Biomedical Engineering (BME) is a discipline in which the principles and tools of traditional engineering disciplines are applied to the analysis and solution of problems in biology and medicine. It differs from other branches of engineering in that there is no particular subject matter or set of techniques that belong exclusively to it. A Biomedical Engineering education aims to train engineers who can analyse multifold problems from an engineering, biological and medical perspective. They should be able to anticipate the special difficulties in working with living systems and evaluate a wider range of possible approaches to solutions.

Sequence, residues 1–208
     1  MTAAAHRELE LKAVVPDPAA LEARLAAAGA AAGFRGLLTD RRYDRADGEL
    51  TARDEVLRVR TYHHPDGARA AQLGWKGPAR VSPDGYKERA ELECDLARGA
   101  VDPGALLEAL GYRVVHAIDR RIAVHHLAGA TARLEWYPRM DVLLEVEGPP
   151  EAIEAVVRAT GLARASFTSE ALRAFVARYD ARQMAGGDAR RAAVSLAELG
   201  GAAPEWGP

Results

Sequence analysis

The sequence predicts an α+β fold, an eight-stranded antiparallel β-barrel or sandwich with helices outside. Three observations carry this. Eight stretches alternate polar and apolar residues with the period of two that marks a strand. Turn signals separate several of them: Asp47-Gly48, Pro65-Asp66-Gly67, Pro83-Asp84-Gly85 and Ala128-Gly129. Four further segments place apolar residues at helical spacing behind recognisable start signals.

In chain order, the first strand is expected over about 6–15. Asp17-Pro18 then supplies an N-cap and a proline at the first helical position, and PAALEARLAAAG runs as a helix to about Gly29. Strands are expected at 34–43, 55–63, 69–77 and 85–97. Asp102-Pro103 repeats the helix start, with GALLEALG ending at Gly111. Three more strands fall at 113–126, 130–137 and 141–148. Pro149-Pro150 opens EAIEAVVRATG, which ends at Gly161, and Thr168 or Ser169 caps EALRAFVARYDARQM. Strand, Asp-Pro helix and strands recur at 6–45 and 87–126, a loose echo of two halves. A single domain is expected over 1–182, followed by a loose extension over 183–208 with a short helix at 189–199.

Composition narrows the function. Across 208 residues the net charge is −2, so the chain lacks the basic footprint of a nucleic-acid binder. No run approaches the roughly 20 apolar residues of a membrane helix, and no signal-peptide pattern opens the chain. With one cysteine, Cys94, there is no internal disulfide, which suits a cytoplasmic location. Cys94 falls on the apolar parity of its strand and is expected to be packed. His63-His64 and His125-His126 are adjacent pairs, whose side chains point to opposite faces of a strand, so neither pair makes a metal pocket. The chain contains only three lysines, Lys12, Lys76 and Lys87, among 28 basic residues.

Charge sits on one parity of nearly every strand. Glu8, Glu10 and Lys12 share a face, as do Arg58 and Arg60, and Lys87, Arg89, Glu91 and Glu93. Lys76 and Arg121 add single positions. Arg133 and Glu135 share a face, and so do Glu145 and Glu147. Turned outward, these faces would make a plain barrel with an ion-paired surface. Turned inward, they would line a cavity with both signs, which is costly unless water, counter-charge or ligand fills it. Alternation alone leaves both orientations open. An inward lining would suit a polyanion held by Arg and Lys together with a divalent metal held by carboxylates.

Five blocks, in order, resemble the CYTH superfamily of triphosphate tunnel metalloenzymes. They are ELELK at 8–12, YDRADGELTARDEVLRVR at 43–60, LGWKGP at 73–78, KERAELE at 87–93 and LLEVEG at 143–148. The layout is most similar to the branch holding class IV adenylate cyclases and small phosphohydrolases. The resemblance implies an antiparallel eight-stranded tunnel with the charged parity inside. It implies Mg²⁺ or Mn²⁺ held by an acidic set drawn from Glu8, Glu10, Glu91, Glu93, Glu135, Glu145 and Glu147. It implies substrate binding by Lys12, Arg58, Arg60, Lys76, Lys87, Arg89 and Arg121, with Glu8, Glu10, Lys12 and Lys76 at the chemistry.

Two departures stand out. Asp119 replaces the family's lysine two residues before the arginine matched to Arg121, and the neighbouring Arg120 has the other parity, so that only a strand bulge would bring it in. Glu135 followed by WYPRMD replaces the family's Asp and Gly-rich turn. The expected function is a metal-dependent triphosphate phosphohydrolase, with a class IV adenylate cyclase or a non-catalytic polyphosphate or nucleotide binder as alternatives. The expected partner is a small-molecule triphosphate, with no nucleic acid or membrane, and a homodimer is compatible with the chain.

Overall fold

The Biomedical Engineering curriculum teaches fundamental concepts and approaches adapted from electrical, mechanical, chemical and materials engineering syllabi, which need to be applied to studying and unravelling biomedical problems. Not only does the study of Biomedical Engineering provide a solid foundation in biological sciences and engineering, it develops powerful methods for understanding basic physiological processes such as fluid transport (for example, blood and mucus transport), feedback control (for example, the control of blood pressure), and cell regulation (for example attachment, differentiation and proliferation). Furthermore, Biomedical Engineering also helps in understanding the principles underlying biomedical instruments (for example, ECG machine, computer tomography), orthopaedic implants (for example, hip and knee joints) and prosthetic devices.